Countries that have vast natural resources should ensure that they cast their nets wider in diversifying in other sectors to hold the economies at fort, a US economist has advised.
Mr. Jason Bailey, Director, Kentucky Center for Economic Policy in the U.S says economies should not easily “brush off” the myths on resource curses around the world, citing Kentucky, among the top three coal mining states in the U.S, which has over the decades recorded increased depletion of the resource.
Citing states like Uganda, which is estimated to have about 6.5 billion barrels of oil in the Albertine Graben and with 1.4 billion barrels recoverable, Mr. Bailey said unless economic diversification takes center stage, over reliance on oil could hurt growth of other sectors.
“There are places that are reliant on natural resource and are less prosperous than those who have a more diverse economy. People value what they have even if they see it see it going away…it is a fearful position to be in and that is where Kentucky is currently. It is important that governments focus on heavy investment in other areas,” he emphasised, while speaking to a select group of foreign journalists under the Mid Term Election Tour in Kentucky State.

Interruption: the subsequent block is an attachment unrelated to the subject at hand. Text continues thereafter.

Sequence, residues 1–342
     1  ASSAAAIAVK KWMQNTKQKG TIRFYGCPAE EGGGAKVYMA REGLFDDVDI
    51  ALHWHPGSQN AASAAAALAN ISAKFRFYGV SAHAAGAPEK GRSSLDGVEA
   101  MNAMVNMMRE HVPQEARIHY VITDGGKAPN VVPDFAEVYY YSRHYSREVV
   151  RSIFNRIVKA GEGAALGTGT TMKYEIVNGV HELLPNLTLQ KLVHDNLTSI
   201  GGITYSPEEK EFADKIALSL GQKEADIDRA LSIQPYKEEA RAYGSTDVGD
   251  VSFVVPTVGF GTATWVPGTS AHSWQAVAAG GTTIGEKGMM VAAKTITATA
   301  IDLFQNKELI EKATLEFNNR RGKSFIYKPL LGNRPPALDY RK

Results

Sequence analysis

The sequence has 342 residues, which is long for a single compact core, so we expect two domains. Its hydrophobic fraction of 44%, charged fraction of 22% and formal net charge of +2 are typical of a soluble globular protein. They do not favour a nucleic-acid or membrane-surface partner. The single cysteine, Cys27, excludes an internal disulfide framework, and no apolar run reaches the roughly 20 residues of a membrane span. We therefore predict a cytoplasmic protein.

Coal mining generates 92 per cent of electricity in Kentucky, with the power rates standing at seven cents per kilowatt, the 2nd cheapest in the country. However, over the years, Mr. Bailey revealed that the deposits have dwindled from 120 million tons throughout the 1990s to about 20 million tons in the foreseeable future.
Mr. Bailey also predicted that the tourism industry could be grossly affected if the extraction process is not well handled.
“If you look at mountain communities in other parts of the US where they do not have coal like North Carolina, they are more prosperous because it thrives on tourism. It is hard to develop tourism with all the scarring from the mining. For others, loss of animal and forest-related tourism is bound to occur so governments must find the balance”.
The Kentucky senatorial race has pitted US Senate minority leader and incumbent, Mitch McConell against Democratic challenger Alison Lundergan Grimes, in one of the country’s tightest races in the mid-term elections.
Pundits predict a tough challenge for the Democrats in the largely coal mining state, given that the Obama administration early this year issued stringent regulations to cut carbon emissions from coal producing industries, which employ hundreds of people in the state.